According to Pinsky, “pooling only makes sense in places with low rates of COVID-19, where you expect the large majority of tests to be negative. Otherwise, too many of the pools would come back positive for it to work as a useful surveillance tool,” STAT reported.
As Clinical Lab Testing Increases, Pooled Testing for COVID-19 Could Be Critical
Pooled testing has been used in other countries, including China, to test larger amounts of people for COVID-19.
“If you look around the globe, the way people are doing a million tests or 10 million tests is they’re doing pooling,” Birx said during the ASM virtual conference, CNN reported.
In a press release, the American Clinical Laboratory Association (ACLA) stated that about 300,000 tests for COVID-19 were performed per day in labs across the US in late June. That number was up from approximately 100,000 tests being performed daily in early April.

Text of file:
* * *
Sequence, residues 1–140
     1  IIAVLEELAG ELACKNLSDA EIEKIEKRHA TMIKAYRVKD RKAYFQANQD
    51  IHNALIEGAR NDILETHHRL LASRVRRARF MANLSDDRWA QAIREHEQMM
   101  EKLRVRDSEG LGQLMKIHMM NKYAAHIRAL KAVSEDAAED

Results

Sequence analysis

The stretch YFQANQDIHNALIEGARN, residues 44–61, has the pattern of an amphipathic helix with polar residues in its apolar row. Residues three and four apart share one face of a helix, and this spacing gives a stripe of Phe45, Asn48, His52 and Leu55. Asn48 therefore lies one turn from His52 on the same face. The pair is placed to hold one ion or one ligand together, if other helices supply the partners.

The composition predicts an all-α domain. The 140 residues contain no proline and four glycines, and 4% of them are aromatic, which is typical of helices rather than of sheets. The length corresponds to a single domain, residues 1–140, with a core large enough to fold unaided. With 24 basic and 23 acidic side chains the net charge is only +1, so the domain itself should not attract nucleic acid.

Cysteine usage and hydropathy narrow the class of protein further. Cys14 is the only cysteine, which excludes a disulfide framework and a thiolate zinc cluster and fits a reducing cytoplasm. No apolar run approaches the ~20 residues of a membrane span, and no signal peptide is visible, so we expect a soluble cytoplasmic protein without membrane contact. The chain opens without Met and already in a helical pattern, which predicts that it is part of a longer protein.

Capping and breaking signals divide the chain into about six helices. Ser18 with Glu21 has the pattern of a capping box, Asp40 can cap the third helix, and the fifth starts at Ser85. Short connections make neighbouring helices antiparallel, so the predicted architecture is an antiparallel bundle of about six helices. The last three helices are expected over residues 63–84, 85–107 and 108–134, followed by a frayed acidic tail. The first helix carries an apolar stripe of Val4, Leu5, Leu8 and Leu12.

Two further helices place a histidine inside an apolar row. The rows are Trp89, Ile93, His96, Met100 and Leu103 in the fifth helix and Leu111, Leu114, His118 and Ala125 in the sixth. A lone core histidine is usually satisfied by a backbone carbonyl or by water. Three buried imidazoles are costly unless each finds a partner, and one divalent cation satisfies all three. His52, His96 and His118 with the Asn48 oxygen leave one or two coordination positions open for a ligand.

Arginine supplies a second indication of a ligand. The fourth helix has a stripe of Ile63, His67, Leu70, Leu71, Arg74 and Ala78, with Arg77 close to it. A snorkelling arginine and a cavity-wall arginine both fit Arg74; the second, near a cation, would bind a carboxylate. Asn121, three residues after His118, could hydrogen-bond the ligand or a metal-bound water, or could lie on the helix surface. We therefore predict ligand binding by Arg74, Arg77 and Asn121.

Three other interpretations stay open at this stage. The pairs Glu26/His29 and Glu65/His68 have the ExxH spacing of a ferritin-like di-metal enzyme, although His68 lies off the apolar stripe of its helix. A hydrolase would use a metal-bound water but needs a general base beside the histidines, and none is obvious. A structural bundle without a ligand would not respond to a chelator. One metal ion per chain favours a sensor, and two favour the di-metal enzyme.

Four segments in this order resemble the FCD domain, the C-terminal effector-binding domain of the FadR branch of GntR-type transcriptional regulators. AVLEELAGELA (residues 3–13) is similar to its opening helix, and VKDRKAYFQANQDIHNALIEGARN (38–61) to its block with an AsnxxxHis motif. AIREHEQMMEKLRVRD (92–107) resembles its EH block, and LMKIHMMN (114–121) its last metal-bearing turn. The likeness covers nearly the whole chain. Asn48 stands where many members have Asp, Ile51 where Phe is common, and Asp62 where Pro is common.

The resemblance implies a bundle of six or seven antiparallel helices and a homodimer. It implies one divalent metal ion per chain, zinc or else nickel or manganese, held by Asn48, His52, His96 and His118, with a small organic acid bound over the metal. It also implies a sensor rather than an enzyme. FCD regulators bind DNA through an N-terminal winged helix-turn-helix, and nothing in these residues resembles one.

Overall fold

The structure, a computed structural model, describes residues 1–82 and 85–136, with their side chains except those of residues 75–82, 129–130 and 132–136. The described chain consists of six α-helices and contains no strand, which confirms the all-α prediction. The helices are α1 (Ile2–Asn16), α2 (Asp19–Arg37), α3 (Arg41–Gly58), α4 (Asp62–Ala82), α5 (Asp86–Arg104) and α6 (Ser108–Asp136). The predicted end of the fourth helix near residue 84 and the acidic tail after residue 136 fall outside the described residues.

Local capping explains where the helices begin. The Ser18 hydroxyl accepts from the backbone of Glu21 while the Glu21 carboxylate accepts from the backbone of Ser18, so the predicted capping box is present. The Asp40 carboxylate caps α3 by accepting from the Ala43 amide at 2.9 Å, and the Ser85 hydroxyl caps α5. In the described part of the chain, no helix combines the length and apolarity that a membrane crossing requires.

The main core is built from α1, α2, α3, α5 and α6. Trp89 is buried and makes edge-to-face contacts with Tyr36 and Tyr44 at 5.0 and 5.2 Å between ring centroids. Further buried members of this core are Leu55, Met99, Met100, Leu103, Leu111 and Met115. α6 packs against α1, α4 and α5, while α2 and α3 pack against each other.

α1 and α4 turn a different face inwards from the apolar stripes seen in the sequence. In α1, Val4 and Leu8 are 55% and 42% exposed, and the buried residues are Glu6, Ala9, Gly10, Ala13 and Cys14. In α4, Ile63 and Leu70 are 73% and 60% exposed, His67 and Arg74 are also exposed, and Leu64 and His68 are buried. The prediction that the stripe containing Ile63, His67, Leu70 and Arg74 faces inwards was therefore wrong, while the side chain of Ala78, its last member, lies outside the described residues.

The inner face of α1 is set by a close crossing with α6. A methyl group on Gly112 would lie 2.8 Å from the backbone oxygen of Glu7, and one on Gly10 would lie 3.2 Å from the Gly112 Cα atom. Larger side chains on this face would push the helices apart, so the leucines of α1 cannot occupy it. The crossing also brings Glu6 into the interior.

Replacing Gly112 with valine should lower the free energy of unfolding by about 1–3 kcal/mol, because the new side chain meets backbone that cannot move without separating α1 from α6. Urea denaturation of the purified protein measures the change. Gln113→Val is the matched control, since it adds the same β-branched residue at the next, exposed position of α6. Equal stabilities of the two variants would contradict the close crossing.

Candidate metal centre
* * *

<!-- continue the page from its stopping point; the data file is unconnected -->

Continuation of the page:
“All across the country, clinical laboratories are increasing the number of labs processing tests, purchasing additional testing platforms, and expanding the number of suppliers to provide critical testing materials,” said Julie Khani, ACLA President in the press release. “However, the reality of this ongoing global pandemic is that testing supplies are limited. Every country across the globe is in need of essential testing supplies, like pipettes and reagents, and that demand is likely to increase in the coming months.”
Clinical laboratory managers will want to keep an eye on these developments. As the need for COVID-19 testing increases, pooled testing may provide an efficient, cost-effective way to spot the coronavirus, especially among those who are asymptomatic or pre-symptomatic and who display no symptoms.
Pooled testing could become a critical tool in the diagnosis of COVID-19 and potentially decrease the overall number of deaths.